Incidence of complications of emergency tracheostomy in a rural medical college setting: a prospective study


  • Ajayan P. V. Department of ENT, Government Medical College, Thrissur, Kerala, India
  • Anju Mariam Jacob Department of Anaesthesiology, Government Medical College, Thrissur, Kerala, India
  • Nandakumar V. P. Department of ENT, Government Medical College, Thrissur, Kerala, India



Tracheostomy, Preoperative complications, Postoperative complications


Background: Tracheostomy done as an emergency procedure for the purpose of saving lives, is mostly associated with aerodigestive tract malignancies, though a few may be associated with foreign body aspiration. The incidences of complications intraoperatively as well as postoperatively are high in emergency tracheostomies. Few studies exist documenting the incidence of these complications .Thus this study was undertaken in a rural Medical College setting to find the incidence of complications associated with emergency tracheostomy.

Methods: After Institutional ethical committee clearance, a prospective study was conducted over a period of 2 years which included 120 patients of all ages and both genders, who presented to the emergency room with stridor. All tracheostomies were performed, using standard techniques, in the emergency operation theatre under monitored anaesthesia care or general anaesthesia. Complications were noted during the procedure as well as in the postoperative period at regular intervals upto one year and were categorized as immediate, intermediate and late.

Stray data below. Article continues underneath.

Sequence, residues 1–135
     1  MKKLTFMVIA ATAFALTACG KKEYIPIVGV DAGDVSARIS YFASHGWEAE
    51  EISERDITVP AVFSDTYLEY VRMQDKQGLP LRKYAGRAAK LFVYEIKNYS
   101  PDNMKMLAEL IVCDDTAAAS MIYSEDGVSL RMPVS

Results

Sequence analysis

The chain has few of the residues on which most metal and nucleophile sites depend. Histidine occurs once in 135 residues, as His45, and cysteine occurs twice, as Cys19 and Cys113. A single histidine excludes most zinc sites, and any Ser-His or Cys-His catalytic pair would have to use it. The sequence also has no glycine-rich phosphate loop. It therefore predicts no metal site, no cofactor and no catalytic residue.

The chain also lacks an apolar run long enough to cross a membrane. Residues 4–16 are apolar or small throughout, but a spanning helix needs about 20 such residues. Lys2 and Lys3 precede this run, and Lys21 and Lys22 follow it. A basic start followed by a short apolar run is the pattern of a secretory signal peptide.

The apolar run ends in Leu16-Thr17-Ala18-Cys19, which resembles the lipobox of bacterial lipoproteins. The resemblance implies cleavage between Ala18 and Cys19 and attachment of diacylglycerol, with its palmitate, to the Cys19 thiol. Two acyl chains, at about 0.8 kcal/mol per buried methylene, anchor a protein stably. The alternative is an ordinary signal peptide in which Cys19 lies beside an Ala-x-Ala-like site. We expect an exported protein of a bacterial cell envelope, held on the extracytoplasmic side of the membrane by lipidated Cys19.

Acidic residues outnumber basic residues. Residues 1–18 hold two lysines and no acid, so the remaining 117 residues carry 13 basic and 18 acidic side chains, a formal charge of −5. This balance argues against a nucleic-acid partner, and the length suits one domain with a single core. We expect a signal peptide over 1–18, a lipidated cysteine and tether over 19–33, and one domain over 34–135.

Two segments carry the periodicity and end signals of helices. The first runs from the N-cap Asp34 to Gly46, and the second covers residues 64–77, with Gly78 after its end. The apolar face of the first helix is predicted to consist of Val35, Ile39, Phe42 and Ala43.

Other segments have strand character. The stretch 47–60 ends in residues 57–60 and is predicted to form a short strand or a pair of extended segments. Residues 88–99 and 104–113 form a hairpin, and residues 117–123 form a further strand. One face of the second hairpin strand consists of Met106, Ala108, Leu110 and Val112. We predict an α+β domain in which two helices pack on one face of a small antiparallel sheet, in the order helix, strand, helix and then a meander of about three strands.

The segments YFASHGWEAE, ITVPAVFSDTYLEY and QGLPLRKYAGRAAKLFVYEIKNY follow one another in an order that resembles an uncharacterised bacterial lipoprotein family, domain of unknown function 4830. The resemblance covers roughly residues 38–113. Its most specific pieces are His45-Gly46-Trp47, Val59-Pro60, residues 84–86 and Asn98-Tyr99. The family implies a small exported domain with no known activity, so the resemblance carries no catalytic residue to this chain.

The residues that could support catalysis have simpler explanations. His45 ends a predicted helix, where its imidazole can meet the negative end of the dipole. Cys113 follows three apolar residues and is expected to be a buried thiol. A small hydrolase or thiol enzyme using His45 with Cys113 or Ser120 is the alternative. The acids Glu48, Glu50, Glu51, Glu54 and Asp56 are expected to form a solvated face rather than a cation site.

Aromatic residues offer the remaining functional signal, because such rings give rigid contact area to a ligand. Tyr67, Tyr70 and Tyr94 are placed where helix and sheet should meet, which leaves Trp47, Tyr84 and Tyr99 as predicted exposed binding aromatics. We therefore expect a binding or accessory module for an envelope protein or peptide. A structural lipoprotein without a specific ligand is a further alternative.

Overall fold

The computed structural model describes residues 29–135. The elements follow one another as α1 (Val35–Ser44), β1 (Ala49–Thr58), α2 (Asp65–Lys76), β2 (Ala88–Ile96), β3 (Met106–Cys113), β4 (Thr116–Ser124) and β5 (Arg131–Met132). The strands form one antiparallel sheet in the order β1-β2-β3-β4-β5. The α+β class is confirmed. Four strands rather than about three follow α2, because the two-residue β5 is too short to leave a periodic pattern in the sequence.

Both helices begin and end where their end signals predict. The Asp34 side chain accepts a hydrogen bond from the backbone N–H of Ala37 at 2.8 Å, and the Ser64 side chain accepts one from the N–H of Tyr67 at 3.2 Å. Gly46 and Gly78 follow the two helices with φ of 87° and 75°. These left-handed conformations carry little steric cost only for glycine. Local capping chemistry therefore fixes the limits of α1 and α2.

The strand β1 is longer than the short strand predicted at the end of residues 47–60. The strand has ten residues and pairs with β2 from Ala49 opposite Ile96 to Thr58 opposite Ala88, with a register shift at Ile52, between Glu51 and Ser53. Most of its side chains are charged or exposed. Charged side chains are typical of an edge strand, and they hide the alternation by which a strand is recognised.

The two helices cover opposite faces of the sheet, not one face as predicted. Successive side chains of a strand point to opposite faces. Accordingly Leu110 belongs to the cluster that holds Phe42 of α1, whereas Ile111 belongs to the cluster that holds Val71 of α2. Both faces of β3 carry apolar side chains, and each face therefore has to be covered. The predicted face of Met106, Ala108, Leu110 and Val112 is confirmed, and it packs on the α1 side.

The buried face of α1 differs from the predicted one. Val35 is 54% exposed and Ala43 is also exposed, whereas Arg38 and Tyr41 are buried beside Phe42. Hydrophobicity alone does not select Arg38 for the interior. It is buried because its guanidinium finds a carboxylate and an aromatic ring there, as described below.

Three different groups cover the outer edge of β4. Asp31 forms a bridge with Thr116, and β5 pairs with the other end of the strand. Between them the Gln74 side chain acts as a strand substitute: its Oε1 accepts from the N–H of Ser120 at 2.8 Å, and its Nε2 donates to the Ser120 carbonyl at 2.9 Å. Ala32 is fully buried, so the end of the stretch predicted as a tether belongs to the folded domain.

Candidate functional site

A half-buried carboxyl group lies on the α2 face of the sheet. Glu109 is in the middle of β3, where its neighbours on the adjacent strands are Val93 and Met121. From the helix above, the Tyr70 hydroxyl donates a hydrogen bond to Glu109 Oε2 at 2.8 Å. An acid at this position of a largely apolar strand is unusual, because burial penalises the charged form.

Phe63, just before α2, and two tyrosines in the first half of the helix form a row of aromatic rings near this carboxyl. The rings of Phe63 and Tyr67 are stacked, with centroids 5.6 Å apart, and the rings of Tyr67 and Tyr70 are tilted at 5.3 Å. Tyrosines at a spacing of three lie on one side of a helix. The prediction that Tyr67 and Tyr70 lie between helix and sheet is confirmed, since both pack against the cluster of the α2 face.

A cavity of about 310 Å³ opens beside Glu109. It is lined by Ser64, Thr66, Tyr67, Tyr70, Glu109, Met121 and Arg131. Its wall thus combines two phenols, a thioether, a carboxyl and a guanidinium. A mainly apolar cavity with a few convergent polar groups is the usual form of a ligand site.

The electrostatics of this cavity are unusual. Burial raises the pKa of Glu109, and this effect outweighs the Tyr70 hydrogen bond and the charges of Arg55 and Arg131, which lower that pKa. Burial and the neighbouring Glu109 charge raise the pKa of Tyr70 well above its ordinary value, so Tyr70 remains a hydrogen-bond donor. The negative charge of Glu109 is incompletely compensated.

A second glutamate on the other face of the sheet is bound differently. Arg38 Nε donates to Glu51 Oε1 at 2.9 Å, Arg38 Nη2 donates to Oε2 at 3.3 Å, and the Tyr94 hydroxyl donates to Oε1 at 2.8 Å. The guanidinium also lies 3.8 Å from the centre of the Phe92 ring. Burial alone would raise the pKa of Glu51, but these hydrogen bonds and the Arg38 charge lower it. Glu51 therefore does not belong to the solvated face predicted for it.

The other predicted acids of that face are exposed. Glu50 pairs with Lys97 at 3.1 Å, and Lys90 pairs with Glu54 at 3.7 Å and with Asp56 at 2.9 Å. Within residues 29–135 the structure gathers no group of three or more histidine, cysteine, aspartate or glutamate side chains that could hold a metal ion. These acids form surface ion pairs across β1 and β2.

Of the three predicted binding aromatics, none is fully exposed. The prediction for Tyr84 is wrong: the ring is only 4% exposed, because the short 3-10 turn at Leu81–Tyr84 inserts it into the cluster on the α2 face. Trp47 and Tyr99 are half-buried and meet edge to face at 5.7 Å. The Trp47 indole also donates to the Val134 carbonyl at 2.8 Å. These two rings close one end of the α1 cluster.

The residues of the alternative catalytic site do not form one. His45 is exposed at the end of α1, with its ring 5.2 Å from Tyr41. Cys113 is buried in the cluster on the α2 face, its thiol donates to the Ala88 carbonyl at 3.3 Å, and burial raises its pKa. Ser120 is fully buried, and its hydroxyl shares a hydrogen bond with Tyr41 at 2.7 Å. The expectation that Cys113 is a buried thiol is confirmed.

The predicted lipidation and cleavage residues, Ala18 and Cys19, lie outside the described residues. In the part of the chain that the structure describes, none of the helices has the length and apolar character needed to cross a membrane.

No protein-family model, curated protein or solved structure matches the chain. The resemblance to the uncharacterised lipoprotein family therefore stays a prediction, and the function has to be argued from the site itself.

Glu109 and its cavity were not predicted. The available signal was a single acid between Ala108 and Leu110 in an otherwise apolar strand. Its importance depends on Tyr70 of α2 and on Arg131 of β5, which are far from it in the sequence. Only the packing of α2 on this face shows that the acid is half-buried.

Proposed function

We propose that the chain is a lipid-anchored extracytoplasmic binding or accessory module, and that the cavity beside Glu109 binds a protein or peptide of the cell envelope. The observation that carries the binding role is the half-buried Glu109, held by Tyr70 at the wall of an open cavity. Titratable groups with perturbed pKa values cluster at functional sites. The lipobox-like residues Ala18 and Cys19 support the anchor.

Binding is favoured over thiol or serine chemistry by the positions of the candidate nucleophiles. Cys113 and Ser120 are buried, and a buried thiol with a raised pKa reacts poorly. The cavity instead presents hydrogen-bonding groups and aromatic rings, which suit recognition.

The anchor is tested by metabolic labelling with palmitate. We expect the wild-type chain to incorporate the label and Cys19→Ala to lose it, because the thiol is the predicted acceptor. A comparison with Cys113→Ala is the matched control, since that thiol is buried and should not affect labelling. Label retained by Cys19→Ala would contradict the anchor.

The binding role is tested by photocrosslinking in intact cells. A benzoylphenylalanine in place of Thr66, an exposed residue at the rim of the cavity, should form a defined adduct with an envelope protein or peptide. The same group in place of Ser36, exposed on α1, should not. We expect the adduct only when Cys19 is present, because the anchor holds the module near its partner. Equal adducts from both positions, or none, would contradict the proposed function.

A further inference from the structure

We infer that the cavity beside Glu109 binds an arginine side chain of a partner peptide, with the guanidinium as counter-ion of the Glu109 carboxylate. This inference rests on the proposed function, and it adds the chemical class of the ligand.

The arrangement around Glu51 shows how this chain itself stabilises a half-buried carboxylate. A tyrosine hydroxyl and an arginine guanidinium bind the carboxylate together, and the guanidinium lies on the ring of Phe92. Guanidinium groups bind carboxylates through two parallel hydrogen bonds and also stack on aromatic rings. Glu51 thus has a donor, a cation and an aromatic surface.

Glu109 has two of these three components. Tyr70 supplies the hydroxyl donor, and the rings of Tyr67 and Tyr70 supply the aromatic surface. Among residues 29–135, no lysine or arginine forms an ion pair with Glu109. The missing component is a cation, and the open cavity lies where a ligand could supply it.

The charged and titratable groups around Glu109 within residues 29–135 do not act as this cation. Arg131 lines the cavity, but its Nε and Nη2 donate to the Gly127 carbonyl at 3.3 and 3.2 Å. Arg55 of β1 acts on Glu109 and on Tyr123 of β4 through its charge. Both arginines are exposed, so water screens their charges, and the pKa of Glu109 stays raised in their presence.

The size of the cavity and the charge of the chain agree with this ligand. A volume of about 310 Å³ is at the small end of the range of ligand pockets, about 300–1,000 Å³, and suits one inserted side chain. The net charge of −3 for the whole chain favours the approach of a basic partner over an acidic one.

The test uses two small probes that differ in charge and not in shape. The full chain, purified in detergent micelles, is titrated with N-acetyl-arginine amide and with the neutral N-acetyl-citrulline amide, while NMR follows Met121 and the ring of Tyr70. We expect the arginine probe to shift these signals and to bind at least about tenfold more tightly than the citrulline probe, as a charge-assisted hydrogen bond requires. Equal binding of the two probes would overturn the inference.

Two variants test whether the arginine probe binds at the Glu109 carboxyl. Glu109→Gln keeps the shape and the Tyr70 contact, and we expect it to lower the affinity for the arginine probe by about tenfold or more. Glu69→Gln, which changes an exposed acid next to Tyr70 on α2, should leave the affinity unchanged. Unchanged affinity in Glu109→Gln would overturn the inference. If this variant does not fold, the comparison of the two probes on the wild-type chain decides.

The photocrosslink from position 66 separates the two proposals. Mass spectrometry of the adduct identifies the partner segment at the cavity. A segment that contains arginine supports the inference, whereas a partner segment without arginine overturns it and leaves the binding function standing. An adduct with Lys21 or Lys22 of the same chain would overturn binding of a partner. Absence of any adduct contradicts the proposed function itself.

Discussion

Results: Though there was no case of mortality, the incidence of complications was 53.3%. The commonest immediate complication was haemorrhage (12.5%) followed by cardiopulmonary arrest (5%) and apnoea (3.3%). The commonest intermediate complications were infection (18.3%), crusting (12.5%), displacement of tube (8.3%) and bleeding (8.3%).Late complications noted were stomal stenosis (8.3%), keloid formation (5%) and tracheocutaneous fistula (3.3%).

Conclusions: Some of these complications can be avoided by early intervention as a semi emergency procedure when you first think about it. This can avoid the hazzle of hurried tracheostomy in a struggling patient thus bringing down the incidence of complications.

Author Biography

Ajayan P. V., Department of ENT, Government Medical College, Thrissur, Kerala, India

Additional Professor

Department of ENT

Govt>Medical College,




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